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<nettime> Brendan O'Neil on Nepal democracy and the West...
Patrice Riemens on Sun, 30 Apr 2006 11:09:54 +0200 (CEST)


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<nettime> Brendan O'Neil on Nepal democracy and the West...


(thanks to/bwo Teotonio de Souza/ Goa Research Net mailing list)
(my previous post, Jane Jacob's Obit, was thanks to/ bwo roger Keil and
the INURA mailing-list- sorry for late credit)

....................................

http://www.spiked-online.com/Articles/0000000CB030.htm

Nepal: now that's what I call democratisation

Why are those who bang on about bringing 'people power' to foreign lands
so ambivalent about the people demanding power on the streets of Nepal?

by Brendan O'Neill

For the past two weeks youthful protesters fought running battles with th e Royal
Nepalese Army and police, demanding an end to the autocratic rule of King
Gyanendra. An 18-day general strike virtually paralysed the small Himalayan nation
and brought Gyanendra's kingdom to its knees. The protesters defied stringent
daytime curfews and did their best to dodge the army and police's 'shoot-on-sight'
policy (which claimed 14 lives) in their desire to see the King ousted and
democracy installed. So why did many in the West either remain silent about these
mass protests, or go al l ambivalent about them? Why did Western officials and
thinkers who talk endlessly about 'regime change', 'democratisation' and 'change
advocacy' in foreign affairs view the Nepalese protests with disapproval, even
disdain?

The protests reveal two things: first, that people still desire
self-determination, to be treated as autonomous adults rather than as big kids who
need a caring King, or anybody else for that matter, to look after them; and
second, that this is not the kind of 'people power' many in the West have in mind
when they talk about enabling democracy in far-off lands. Western leaders and
commentators like the idea of people power until it involves real people demanding
real power - then they come over all panicky and squeamish. They like to
'encourage good governance' and install 'people participation programmes' in
various African, Eastern European and Asian states, but they balk at the sight of
thousands of people demanding their democratic rights.

The protests have not only exposed the isolation of a clapped-out and archaic
Hindu monarch - they have also exposed the West's empty rhetoric on democracy and
its fear and loathing of the masses.

At root these were protests for self-determination. Nepal is a strange and
unstable kingdom; it is the only Hindu state in the world, ruled over by monarchs
who fancy themselves as reincarnations of the Hindu god Vishnu. Until 1990 it was
an absolute monarchy under the executive control of the King; then King Birendra
initiated political reforms which created a parliamentary monarchy, with the King
as head of state and a prime minister as head of government. Things have remained
deeply unstable. As one report says: 'No Nepalese government has survived for more
than two years, either through internal collapse or parliamentary dissolution by
the monarch.' (1) In 2001, King Birendra, his wife and several other members of
the royal family were shot dead by Birendra's son. For the pas t 10 years there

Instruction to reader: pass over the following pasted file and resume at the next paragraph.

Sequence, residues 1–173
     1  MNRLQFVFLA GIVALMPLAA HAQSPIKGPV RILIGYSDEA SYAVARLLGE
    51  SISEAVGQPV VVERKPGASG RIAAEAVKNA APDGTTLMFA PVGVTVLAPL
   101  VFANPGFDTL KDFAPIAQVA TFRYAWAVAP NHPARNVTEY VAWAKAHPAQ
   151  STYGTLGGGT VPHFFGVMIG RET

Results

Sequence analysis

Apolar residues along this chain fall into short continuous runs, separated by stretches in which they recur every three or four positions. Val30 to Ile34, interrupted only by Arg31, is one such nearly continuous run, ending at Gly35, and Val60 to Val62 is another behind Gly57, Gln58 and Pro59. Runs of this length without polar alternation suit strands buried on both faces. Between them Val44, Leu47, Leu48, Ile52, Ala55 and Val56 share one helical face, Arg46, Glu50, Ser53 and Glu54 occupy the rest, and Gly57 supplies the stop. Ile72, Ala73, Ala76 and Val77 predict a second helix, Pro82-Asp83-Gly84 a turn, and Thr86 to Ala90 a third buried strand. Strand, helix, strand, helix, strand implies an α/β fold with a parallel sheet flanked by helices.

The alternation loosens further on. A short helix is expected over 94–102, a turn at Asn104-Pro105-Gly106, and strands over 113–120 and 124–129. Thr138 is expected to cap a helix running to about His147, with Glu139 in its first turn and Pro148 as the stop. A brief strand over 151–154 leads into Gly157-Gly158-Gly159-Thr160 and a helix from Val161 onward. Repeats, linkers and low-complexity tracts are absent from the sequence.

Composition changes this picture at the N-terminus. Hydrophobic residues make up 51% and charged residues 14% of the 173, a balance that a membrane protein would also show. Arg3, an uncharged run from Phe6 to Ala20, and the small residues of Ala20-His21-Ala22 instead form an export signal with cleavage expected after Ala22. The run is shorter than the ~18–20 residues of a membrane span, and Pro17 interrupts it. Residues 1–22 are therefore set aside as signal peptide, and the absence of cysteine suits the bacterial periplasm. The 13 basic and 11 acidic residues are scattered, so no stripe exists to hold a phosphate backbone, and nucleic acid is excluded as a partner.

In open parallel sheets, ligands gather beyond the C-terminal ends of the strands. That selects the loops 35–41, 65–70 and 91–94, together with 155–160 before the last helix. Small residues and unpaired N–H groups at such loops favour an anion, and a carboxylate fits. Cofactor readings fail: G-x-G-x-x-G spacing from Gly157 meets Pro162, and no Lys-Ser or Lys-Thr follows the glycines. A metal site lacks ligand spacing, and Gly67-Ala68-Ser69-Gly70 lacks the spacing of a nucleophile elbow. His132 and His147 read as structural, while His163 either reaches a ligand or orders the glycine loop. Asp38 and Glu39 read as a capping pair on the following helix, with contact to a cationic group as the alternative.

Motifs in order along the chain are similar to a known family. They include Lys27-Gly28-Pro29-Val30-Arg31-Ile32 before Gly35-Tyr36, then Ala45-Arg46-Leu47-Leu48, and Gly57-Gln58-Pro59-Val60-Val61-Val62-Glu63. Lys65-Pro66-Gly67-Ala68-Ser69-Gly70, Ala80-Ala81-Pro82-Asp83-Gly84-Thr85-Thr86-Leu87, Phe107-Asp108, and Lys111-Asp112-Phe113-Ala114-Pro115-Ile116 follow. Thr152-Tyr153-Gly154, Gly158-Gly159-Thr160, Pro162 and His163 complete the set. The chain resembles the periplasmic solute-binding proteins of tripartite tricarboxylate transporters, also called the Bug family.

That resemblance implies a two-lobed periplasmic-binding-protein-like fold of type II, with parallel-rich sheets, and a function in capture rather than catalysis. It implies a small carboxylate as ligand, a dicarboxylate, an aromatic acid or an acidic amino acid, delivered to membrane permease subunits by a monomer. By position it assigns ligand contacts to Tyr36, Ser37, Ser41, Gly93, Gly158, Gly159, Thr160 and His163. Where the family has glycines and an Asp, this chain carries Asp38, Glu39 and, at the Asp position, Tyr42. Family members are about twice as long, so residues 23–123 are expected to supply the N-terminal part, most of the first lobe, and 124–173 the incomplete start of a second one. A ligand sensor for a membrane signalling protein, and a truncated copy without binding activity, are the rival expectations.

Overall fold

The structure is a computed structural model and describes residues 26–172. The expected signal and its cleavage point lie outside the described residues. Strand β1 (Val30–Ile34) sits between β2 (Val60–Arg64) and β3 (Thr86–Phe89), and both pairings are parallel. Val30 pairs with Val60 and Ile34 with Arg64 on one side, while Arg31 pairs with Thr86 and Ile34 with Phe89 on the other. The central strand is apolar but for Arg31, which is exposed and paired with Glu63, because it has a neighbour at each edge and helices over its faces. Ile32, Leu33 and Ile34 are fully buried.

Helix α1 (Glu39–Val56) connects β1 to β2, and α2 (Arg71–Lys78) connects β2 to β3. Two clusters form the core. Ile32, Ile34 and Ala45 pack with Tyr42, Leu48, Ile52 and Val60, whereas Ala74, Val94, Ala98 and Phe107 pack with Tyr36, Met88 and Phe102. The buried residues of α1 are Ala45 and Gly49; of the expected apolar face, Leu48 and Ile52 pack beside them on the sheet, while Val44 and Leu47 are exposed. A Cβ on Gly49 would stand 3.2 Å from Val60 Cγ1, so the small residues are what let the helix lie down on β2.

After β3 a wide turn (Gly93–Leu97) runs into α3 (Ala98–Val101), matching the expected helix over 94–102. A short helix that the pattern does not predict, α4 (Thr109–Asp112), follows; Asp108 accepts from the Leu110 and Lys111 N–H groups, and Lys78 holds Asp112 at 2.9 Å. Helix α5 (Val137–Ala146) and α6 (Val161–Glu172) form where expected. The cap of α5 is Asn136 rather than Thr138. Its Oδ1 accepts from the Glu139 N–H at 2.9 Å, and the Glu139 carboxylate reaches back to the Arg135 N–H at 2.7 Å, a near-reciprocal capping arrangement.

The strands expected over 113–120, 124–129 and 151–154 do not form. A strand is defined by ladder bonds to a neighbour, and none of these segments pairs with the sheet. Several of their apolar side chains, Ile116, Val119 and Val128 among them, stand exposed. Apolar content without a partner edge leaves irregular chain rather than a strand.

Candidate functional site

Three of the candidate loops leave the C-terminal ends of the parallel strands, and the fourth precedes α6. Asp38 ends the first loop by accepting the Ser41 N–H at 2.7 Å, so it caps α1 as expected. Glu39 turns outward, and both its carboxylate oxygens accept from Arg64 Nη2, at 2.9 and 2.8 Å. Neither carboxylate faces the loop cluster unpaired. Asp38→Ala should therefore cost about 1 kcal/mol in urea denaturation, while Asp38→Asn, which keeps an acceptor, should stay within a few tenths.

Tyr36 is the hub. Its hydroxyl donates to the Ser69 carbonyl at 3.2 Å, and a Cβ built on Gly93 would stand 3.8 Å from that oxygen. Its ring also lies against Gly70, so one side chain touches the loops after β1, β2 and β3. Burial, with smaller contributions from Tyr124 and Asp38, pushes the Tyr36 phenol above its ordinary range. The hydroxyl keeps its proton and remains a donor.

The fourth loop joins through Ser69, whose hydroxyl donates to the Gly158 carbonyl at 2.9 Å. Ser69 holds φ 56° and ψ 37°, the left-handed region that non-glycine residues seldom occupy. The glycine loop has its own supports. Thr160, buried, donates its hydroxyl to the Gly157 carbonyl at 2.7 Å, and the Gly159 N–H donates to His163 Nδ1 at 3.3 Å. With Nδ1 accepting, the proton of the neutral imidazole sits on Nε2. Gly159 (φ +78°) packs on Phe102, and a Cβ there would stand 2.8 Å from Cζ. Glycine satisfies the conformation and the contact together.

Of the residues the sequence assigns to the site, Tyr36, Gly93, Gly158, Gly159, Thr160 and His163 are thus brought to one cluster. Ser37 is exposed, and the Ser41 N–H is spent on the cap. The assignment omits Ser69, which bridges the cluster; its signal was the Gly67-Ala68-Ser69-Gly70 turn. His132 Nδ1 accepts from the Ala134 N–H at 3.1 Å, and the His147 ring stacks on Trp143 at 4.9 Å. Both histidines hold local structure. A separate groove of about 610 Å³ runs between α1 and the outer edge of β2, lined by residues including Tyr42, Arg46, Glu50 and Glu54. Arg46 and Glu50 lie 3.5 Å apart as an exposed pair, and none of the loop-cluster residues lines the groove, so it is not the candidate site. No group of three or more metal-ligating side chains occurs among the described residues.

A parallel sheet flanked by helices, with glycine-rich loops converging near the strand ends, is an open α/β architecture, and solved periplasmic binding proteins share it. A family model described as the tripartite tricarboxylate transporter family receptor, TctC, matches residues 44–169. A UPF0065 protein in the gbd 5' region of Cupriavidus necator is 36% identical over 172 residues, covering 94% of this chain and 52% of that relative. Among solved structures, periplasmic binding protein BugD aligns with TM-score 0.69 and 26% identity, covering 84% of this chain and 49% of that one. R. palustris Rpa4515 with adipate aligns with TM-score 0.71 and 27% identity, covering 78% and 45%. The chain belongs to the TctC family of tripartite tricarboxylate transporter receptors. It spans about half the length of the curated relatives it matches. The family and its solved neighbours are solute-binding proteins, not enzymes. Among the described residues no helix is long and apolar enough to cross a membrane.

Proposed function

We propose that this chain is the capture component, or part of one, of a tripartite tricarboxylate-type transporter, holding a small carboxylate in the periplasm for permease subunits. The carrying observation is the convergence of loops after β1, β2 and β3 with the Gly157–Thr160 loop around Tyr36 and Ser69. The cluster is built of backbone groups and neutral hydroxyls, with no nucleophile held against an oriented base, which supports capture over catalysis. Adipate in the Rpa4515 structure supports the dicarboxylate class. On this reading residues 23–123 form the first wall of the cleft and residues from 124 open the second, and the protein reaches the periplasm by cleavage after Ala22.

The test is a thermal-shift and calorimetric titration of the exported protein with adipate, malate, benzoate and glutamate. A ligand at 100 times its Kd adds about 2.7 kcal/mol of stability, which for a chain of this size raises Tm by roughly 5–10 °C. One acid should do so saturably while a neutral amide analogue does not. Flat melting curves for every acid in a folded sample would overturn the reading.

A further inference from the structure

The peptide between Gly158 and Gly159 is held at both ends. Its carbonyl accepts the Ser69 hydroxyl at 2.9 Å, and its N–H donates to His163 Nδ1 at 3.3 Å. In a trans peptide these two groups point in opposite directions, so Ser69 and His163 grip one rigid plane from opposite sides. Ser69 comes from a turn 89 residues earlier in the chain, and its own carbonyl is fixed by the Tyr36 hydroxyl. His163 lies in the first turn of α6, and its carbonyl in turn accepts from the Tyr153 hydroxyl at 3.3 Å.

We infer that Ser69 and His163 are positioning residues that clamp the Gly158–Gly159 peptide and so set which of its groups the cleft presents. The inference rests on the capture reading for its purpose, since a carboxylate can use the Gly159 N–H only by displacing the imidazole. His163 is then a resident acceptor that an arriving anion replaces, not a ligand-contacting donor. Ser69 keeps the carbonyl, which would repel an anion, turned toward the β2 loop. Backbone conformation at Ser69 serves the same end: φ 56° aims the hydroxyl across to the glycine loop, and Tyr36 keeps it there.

have been clashes between royalist and government forces and Maoist guerrillas
demanding an end to the monarchy. It was under the pretext of crushing the
guerrillas that King Gyanendra unilaterally declared a state of emergency in
February 2005, shutting down parliament, placing elected ministers under house
arrest, and assuming all executive powers.

The protesters have sought to overturn this backward state of affairs. One
protester declared: 'The King is like the foreign people85he thinks we are
ignorant temple-dwellers, that all we need is food and God and to be ruled.' Here,
we can glimpse the protesters' demands: they reject both the idea that people
should be happy with their lot, and also old backward notions about God-appointed
monarchs knowing what's best. 'We know that Gyanendra is not a god, that he is
just a man and that we can end him', said another protester (2). Many of the
protesters are young and Westernised - people in their late teens and early 20s,
many of them professionals, who talk about watching MTV and wishing to earn a
decent disposable income. These will be the children of the Nineties, that brief
period when there was something approximating democracy in Nepal, who wil l not
stand for a return to the arbitrary rule of Kings. There is an admirable fury to
their protests.

Western officials and policymakers view it differently. For all their talk about
supporting democracy around the world they have spent the past two weeks trying to
put a lid on the Nepalese protests, encouraging the King and the various political
parties (most of which, to some extent, support the anti-monarchy protests) to
come to a compromise that will 'end the crisis'. The Bush administration and the
Blair government pose as the deliverers of democracy in Afghanistan and Iraq, yet
they said little about the pro-democracy protests in Nepal. In fact, they viewed
them as deeply problematic. US diplomats put pressure on the parties to accept the
King's offer at the end of last week to name a new prime minister, even though
this would have left the King with the power to dissolve parliament.

The British ambassador to Nepal, Keith George Bloomfield, also encouraged the
parties to accept this compromise; protesters branded him as 'naive' and told him
to 'mind his own business' (3). (Bloomfield was also put in the awkward position
of having to cancel a planned celebration for his own Queen's eightieth birthday
at his Nepalese Embassy because, as one report from India put it, 'Right now, a
lavish bash, with Nepali ministers and bureaucrats as guests, would not gel with
the Nepali people who are demanding the abolition of the monarchy.') The UK
Department for International Development has a programme in Nepal that encourages